WASHINGTON - The newest member of the U.S. Supreme Court, Brett Kavanaugh, took his seat Tuesday and heard his first arguments, just days after he narrowly won Senate confirmation to fill a vacancy on the country's highest court.
A handful of protesters opposed to President Donald Trump's nomination of Kavanaugh to a lifetime appointment to the court gathered outside, chanting, "This isn't over, we're still here."
Trump, in a Twitter comment, claimed without evidence that demonstrators against Kavanaugh were hired to protest. But he said that "the paid D.C. protesters are now ready to REALLY protest because they haven’t gotten their checks - in other words, they weren’t paid! Screamers in Congress, and outside, were far too obvious - less professional than anticipated by those paying (or not paying) the bills!"
The paid D.C. protesters are now ready to REALLY protest because they haven’t gotten their checks - in other words, they weren’t paid! Screamers in Congress, and outside, were far too obvious - less professional than anticipated by those paying (or not paying) the bills!— Donald J. Trump (@realDonaldTrump) October 9, 2018
Kavanaugh's first Supreme Court case involved arguments over the federal criminal sentencing law and came hours after Trump staged a ceremonial swearing-in for Kavanaugh at the White House. The jurist had already been officially sworn in Saturday soon after the Senate voted 50-48 to confirm his appointment.
Kavanaugh's appointment roiled Washington for weeks, after university professor Christine Blasey Ford accused him of sexually assaulting her more than three decades ago when both were teenagers growing up in suburban Washington. Ford told lawmakers she was "100 percent" certain Kavanaugh attacked her, but Kavanaugh forcefully denied he had assaulted her or any other woman.
At Monday night's ceremony, Trump declared, "On behalf of our nation, I want to apologize to Brett and the entire Kavanaugh family for the terrible pain and suffering you have been forced to endure. You, sir, under historic scrutiny, were proven innocent."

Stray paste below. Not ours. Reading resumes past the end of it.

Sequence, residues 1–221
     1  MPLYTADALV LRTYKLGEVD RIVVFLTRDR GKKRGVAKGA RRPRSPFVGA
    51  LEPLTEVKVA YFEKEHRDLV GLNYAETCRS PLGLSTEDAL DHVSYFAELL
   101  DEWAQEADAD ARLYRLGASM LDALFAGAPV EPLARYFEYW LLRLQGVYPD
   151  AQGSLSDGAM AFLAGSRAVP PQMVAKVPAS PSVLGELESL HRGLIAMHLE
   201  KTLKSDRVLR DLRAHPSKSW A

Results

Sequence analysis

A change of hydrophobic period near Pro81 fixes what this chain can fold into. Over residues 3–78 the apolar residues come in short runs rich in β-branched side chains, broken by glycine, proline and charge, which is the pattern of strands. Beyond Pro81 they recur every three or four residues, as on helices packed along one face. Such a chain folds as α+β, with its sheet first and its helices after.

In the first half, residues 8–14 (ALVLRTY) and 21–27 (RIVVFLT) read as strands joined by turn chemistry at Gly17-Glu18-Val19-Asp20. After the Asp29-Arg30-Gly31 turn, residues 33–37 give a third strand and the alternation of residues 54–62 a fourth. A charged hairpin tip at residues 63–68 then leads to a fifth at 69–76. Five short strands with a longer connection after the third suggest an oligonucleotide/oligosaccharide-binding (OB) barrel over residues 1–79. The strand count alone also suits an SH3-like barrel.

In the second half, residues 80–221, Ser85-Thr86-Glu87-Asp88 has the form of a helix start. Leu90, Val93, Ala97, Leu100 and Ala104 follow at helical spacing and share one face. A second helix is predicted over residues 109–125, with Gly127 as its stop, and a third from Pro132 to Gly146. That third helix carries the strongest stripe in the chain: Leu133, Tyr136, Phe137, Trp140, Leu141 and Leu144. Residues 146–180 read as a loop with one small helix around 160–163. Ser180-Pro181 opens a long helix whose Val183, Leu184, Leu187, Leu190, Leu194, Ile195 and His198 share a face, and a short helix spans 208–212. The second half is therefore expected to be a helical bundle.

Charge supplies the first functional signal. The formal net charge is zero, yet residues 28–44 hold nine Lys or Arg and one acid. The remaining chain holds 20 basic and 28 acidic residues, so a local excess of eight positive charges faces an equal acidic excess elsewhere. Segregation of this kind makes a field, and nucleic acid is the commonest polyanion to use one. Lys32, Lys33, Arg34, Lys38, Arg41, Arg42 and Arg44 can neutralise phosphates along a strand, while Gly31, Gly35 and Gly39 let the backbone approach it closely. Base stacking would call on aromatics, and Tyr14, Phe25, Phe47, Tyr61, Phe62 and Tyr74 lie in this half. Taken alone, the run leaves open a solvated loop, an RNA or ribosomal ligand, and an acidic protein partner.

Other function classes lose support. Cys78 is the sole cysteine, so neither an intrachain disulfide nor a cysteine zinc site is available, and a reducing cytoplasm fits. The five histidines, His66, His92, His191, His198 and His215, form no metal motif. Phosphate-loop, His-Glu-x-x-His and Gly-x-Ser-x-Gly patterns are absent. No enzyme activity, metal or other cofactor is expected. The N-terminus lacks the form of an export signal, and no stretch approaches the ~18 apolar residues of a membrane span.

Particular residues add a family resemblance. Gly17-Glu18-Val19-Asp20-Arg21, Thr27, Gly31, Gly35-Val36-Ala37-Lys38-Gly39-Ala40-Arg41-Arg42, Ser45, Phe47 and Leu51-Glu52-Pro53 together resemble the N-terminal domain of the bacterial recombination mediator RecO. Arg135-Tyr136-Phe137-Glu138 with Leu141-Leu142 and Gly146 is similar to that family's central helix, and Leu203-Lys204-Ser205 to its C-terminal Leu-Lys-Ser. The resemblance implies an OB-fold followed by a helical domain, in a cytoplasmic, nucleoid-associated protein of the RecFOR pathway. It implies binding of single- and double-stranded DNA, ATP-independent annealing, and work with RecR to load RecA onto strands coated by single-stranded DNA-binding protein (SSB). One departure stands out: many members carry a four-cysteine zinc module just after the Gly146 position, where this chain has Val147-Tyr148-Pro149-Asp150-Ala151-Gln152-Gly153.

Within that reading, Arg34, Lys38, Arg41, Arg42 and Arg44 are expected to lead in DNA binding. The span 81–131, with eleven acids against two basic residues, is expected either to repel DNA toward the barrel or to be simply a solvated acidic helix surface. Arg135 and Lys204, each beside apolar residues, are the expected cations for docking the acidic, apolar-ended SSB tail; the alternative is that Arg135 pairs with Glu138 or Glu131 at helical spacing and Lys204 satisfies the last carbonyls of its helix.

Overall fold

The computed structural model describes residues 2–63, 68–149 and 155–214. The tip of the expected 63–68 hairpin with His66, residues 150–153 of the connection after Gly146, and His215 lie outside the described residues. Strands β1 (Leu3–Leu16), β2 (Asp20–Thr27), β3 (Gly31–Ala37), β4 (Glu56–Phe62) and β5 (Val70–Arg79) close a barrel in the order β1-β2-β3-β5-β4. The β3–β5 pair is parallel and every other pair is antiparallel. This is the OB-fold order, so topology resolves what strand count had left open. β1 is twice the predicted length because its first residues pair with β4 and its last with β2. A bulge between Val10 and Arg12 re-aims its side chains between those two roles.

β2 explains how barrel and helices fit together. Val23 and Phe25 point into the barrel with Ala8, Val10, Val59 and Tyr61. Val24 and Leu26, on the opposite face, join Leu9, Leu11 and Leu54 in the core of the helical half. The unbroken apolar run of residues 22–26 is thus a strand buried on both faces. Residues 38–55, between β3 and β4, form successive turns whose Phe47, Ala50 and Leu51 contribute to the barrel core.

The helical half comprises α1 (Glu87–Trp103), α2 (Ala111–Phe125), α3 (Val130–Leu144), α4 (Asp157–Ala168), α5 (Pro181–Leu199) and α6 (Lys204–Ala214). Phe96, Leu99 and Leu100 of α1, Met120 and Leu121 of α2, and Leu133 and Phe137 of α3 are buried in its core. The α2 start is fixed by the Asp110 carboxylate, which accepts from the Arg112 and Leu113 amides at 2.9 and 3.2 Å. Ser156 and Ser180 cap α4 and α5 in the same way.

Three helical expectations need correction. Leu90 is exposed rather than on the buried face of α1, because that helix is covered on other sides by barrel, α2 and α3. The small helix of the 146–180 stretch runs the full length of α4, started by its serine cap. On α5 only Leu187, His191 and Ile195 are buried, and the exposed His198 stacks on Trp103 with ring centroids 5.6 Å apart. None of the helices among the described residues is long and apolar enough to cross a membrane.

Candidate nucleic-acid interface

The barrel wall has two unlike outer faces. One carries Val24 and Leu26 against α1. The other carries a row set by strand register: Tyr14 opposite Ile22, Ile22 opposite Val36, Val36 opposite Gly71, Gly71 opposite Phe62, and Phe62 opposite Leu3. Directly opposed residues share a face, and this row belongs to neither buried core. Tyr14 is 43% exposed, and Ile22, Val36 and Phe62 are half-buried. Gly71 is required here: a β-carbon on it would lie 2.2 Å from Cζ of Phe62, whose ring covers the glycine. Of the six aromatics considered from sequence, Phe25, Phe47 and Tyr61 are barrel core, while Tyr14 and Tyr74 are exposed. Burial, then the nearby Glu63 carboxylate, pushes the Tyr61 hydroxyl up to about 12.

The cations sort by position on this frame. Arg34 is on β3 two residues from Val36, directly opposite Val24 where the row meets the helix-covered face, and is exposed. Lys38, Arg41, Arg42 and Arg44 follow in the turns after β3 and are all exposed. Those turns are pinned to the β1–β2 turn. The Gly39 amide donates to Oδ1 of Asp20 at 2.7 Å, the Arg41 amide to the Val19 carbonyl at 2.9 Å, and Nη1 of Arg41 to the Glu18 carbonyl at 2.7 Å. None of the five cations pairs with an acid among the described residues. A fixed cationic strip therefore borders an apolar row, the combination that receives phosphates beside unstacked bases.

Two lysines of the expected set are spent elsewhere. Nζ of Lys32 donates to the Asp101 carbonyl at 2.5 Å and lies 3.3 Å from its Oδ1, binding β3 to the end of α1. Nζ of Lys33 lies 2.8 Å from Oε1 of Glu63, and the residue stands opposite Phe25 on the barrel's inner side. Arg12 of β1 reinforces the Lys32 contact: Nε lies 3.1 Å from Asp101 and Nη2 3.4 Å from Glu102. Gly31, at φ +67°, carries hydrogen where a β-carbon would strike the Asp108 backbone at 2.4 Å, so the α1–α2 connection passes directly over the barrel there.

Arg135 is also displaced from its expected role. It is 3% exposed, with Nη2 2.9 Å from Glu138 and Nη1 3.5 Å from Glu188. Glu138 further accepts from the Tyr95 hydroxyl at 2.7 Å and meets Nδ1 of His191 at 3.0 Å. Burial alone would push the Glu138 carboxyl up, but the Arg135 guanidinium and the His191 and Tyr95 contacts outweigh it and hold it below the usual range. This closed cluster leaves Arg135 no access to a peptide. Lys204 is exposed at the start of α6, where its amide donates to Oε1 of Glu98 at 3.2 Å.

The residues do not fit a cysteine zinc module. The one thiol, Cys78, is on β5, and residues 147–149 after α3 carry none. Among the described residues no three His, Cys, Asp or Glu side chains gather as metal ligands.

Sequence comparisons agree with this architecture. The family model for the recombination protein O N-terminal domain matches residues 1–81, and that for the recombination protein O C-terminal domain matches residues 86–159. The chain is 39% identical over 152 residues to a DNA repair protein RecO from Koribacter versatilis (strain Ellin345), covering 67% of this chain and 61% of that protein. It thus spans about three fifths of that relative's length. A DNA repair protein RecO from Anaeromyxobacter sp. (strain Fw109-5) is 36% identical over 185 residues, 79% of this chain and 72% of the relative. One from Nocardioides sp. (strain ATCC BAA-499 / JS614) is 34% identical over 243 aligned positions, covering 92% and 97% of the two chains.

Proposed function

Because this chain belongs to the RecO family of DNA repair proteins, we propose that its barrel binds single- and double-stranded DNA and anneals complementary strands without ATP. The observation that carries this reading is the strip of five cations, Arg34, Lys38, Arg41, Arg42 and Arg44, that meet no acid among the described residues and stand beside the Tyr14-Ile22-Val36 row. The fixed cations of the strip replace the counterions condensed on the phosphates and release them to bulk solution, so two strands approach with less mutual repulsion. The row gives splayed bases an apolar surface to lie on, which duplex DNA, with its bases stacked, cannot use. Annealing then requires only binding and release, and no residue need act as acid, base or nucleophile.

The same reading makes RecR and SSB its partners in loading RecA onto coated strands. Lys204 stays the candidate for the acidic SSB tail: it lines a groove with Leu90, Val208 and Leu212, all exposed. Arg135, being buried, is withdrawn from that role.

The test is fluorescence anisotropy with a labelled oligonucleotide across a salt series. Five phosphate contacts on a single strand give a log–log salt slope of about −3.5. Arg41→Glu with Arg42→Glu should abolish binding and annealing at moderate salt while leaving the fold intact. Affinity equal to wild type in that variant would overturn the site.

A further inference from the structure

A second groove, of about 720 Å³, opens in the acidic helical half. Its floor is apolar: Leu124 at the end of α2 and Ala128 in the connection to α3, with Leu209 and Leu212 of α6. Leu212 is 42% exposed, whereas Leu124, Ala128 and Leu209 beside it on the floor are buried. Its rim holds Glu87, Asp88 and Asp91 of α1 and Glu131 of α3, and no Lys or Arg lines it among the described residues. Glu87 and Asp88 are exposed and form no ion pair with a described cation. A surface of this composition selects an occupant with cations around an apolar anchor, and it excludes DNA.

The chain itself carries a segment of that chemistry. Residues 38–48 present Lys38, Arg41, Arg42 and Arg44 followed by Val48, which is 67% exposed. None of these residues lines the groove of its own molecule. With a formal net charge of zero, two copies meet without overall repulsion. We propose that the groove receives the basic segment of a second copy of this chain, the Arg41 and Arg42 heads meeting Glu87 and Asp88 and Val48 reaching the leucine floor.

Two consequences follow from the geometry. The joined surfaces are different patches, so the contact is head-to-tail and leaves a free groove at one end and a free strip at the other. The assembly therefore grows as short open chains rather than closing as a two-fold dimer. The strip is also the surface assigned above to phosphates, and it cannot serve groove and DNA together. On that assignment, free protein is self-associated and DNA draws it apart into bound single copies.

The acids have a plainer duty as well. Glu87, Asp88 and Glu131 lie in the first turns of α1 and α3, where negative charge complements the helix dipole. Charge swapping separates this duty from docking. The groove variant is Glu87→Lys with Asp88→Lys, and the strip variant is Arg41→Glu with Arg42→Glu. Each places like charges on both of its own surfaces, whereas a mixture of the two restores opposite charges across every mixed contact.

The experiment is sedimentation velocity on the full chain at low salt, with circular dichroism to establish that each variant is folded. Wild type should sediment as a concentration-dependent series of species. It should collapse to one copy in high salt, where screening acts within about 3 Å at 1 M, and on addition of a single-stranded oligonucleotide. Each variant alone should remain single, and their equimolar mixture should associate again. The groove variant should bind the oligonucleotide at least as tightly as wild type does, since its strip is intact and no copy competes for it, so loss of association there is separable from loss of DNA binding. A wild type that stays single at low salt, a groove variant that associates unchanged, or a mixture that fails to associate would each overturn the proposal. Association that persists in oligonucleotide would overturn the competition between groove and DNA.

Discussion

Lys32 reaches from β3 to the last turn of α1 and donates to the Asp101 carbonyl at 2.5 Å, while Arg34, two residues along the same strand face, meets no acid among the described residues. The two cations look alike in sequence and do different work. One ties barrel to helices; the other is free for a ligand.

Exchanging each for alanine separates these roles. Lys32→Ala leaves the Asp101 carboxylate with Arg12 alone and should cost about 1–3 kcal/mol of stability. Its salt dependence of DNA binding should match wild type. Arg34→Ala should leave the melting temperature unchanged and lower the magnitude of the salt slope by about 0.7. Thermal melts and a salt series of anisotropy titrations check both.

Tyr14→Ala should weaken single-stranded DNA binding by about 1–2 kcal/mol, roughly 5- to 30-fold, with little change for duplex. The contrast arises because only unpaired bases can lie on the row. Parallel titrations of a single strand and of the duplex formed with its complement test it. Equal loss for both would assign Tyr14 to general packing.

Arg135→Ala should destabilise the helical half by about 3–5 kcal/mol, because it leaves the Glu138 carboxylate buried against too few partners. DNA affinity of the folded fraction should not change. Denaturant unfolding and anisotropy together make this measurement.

Kavanaugh said, "Every American can be assured that I will be an independent and impartial justice."
As Trump, the other eight court justices and a number of Republican senators crucial to the confirmation process watched, retired Justice Anthony Kennedy administered the judicial oath to Kavanaugh.
"The Senate confirmation process was contentious and emotional. That is now over," Kavanaugh said. He added that the Supreme Court "is not a partisan or political institution," promising to "always be a team player on a team of nine."
Hours before the White House ceremony, Trump accused opposition Democrats of plotting to remove Kavanaugh from the bench.
Kavanaugh was "caught up in a hoax set up by the Democrats," Trump told reporters, without elaborating. "And now they want to impeach him."
Speaking before boarding the Marine One helicopter on the White House south lawn, Trump predicted the attack on Kavanaugh would cost the opposition party in next month's nationwide congressional elections.
The president and his fellow Republicans are hoping the confirmation of the 53-year-old conservative jurist will energize their supporters in the midterm voting when political control of Congress is at stake.
"The American public has seen this charade, and it was a disgrace. And I think it's really going to show you something come November 6," Trump said.
Kavanaugh replaces Kennedy, a conservative jurist who often cast the deciding swing vote on ideologically divisive issues, upholding abortion and gay rights and the use of affirmative action aiding racial minorities in college admissions.
Independent court analysts, however, predict Kavanaugh is likely to concur with more conservative interpretations of the law, giving a solid 5-4 ideological edge on the court to those who lean to the right.